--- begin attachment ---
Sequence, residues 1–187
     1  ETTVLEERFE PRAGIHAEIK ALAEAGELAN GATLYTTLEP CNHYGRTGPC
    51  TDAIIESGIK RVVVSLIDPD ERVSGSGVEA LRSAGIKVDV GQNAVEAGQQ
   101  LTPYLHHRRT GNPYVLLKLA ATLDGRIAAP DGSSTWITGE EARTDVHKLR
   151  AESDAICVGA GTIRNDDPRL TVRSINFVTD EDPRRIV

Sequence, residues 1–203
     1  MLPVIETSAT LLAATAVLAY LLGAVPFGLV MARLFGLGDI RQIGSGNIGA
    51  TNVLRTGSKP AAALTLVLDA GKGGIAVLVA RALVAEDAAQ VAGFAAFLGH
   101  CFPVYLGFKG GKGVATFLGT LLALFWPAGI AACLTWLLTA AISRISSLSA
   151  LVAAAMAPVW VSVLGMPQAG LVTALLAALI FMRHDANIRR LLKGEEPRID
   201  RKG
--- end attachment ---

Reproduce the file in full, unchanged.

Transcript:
Sequence, residues 1–187
     1  ETTVLEERFE PRAGIHAEIK ALAEAGELAN GATLYTTLEP CNHYGRTGPC
    51  TDAIIESGIK RVVVSLIDPD ERVSGSGVEA LRSAGIKVDV GQNAVEAGQQ
   101  LTPYLHHRRT GNPYVLLKLA ATLDGRIAAP DGSSTWITGE EARTDVHKLR
   151  AESDAICVGA GTIRNDDPRL TVRSINFVTD EDPRRIV

Sequence, residues 1–203
     1  MLPVIETSAT LLAATAVLAY LLGAVPFGLV MARLFGLGDI RQIGSGNIGA
    51  TNVLRTGSKP AAALTLVLDA GKGGIAVLVA RALVAEDAAQ VAGFAAFLGH
   101  CFPVYLGFKG GKGVATFLGT LLALFWPAGI AACLTWLLTA AISRISSLSA
   151  LVAAAMAPVW VSVLGMPQAG LVTALLAALI FMRHDANIRR LLKGEEPRID
   201  RKG